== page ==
#PEPFAR15: 15 Years of Saving Lives through American Generosity and Partnerships

Content From: Deborah L. Birx, U.S. Global AIDS Coordinator & U.S. Special Representative for Global Health Diplomacy at the U.S. Department of StatePublished: February 08, 20183 min read


Cross-posted from U.S. Department of State

February 6, 2018


Under the leadership of President Donald Trump, and thanks to the generosity of the American people, 13 high-HIV-burden countries are now poised to achieve epidemic control by 2020. As outlined in the U.S. President’s Emergency Plan for AIDS Relief’s (PEPFAR) Strategy for Accelerating HIV/AIDS Epidemic Control (2017-2020) [PDF, 2.85 MB] launched by Secretary of State Rex Tillerson, these efforts will create the roadmap to reach epidemic control in the more than 50 countries that PEPFAR supports.

Fifteen years ago, an HIV diagnosis was tantamount to a death sentence in many countries, and entire families and communities were falling ill. Gains in global health and development were being lost. In the hardest-hit regions of sub-Saharan Africa, infant mortality doubled, child mortality tripled, and life expectancy dropped by 20 years. In some southern African countries, one-in-three adults were living with HIV and millions of orphans had been left behind.

Faced with this death and devastation, the United States government responded, resoundingly. On Jan. 28, 2003, President George W. Bush sent ripples of compassion and hope around the world by announcing “a work of mercy beyond all current international efforts to help the people of Africa” in his State of the Union address – namely, PEPFAR. The U.S. Congress acted swiftly, passing bipartisan legislation that authorized PEPFAR fewer than four months after this historic announcement.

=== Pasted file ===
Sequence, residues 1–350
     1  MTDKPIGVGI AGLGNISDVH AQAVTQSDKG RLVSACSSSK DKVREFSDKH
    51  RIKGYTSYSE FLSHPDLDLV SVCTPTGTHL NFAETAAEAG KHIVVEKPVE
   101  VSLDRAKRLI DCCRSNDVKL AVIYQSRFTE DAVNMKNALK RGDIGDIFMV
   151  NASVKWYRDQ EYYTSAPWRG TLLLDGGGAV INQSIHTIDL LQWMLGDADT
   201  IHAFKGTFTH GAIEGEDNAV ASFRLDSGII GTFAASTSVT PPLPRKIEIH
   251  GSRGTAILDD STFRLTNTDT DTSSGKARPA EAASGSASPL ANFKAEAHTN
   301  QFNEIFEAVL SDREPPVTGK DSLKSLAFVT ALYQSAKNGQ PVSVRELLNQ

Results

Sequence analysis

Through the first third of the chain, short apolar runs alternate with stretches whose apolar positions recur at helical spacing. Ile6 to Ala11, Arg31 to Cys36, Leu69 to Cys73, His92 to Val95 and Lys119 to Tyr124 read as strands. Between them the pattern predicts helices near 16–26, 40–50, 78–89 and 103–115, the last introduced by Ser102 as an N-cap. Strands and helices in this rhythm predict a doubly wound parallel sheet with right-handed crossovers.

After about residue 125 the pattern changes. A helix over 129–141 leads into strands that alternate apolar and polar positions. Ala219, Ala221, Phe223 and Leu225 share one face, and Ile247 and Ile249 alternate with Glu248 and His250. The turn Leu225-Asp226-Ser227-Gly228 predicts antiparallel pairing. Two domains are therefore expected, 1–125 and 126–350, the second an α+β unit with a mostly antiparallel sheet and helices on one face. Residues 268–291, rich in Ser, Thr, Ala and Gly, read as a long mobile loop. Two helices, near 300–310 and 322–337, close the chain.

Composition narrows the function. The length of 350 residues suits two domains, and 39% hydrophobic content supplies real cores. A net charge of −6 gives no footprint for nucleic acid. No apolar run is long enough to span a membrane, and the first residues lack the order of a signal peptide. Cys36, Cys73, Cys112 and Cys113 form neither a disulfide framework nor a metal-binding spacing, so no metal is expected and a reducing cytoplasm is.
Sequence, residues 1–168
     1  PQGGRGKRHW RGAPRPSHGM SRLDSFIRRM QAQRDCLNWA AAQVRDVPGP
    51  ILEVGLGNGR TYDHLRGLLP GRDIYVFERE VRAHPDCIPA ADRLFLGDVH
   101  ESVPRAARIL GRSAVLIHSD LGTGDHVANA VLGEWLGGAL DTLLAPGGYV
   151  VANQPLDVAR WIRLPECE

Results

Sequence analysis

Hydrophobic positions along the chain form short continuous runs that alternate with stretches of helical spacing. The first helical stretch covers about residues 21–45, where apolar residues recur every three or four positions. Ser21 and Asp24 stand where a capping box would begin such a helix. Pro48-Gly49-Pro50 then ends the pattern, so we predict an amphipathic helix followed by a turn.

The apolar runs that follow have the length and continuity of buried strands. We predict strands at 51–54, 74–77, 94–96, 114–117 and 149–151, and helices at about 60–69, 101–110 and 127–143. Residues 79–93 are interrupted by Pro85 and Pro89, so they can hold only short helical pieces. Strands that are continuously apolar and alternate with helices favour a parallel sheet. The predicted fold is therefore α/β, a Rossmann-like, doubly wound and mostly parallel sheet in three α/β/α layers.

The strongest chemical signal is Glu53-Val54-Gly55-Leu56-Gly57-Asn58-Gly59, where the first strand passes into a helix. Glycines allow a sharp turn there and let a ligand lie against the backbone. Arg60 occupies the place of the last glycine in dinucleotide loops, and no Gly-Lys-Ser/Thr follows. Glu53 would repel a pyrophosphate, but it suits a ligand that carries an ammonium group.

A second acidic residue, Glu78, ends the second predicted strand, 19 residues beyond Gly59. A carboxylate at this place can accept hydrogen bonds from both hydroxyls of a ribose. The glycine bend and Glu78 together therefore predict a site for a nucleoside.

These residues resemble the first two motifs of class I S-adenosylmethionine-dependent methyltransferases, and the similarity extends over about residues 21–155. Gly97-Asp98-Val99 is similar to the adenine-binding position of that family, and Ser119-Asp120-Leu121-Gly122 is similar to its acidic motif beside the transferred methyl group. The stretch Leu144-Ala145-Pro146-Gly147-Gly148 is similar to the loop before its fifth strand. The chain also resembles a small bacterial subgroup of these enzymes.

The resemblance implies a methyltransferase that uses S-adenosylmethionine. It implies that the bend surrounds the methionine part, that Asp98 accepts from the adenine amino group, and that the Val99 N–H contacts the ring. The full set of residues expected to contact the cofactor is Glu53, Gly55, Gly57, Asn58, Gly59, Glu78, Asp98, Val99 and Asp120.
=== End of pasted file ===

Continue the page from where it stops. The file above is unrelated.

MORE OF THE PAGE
As we mark #PEPFAR15, with continued strong bipartisan support across three administrations and from the Congress, the U.S. government has not only saved and improved millions of lives, but also transformed the global HIV/AIDS response, moving it from crisis toward control. Death and despair have been overwhelmingly replaced with hope and life. We have not done this alone, but partnered closely with foreign governments, the private sector, philanthropic organizations, multilateral institutions, civil society and faith-based organizations, people living with HIV, and many others.

When PEPFAR began, only 50,000 people in Africa were on lifesaving HIV treatment. PEPFAR now supports treatment for more than 13.3 million people globally. We have enabled more than 2.2 million babies to be born HIV free to HIV-positive women. And we provide assistance to more than 6.4 million orphans, vulnerable children, and their caregivers.

These results [PDF, 363 KB] reflect the impact of PEPFAR’s transparent, accountable, and cost-effective investments, which are made possible by the tremendous compassion of the American people. Our bilateral resources also work hand-in-hand with those from the Global Fund to Fight AIDS, Tuberculosis and Malaria – to which the U.S. government is the largest donor – and from partner countries themselves.

We are proud that PEPFAR is widely regarded as one of the most effective and efficient U.S. foreign assistance programs. By using the latest data and science, we ensure that each dollar with which we are entrusted has the greatest possible impact. And by focusing our efforts on where the epidemic is the largest and the need is the highest, we are not only hastening progress toward ending the epidemic, but reducing the future costs required to sustain the HIV/AIDS response.

As we celebrate #PEPFAR15, we are also firmly focused on the future, on making what once seemed impossible possible. For the first time in modern history, we have the opportunity to control a pandemic without a vaccine or a cure, and lay the groundwork for eventually eliminating or eradicating HIV. Thanks to the American people and American leadership, we are closer than ever to ending AIDS as a public health threat around the world.